Crocs Rocked Pre-Amazonian Peru

© Javier Herbozo

© Javier Herbozo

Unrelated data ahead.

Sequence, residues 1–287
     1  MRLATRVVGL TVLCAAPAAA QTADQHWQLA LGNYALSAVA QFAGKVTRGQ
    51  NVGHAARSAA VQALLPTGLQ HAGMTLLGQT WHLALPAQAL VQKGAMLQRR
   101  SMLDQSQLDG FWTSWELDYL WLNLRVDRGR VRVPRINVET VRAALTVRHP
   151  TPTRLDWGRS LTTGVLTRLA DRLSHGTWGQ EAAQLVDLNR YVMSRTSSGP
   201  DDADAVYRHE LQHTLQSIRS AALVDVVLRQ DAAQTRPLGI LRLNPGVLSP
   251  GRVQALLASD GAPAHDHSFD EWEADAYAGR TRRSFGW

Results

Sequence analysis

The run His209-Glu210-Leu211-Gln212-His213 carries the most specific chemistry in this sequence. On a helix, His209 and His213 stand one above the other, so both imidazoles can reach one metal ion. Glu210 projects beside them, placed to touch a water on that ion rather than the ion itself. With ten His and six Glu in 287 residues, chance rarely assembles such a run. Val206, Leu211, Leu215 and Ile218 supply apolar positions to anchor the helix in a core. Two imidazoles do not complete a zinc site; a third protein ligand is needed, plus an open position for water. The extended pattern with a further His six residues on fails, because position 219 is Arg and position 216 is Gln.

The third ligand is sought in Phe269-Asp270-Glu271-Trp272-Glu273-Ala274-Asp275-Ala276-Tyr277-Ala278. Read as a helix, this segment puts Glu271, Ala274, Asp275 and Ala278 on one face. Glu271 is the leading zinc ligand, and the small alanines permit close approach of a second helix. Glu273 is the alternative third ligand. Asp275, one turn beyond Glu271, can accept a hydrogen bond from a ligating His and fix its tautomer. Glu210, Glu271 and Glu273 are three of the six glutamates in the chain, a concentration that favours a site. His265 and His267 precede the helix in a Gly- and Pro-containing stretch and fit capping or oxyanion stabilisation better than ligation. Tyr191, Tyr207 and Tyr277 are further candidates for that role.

Thirteen million years ago, as many as seven different species of crocodiles hunted in the swampy waters of what is now northeastern Peru, new research shows. This hyperdiverse assemblage, revealed through more than a decade of work in Amazon bone beds, contains the largest number of crocodile species co-existing in one place at any time in Earth’s history, likely due to an abundant food source that forms only a small part of modern crocodile diets: mollusks like clams and snails. The work, published today in the journal Proceedings of the Royal Society B, helps fill in gaps in understanding the history of the Amazon’s remarkably rich biodiversity.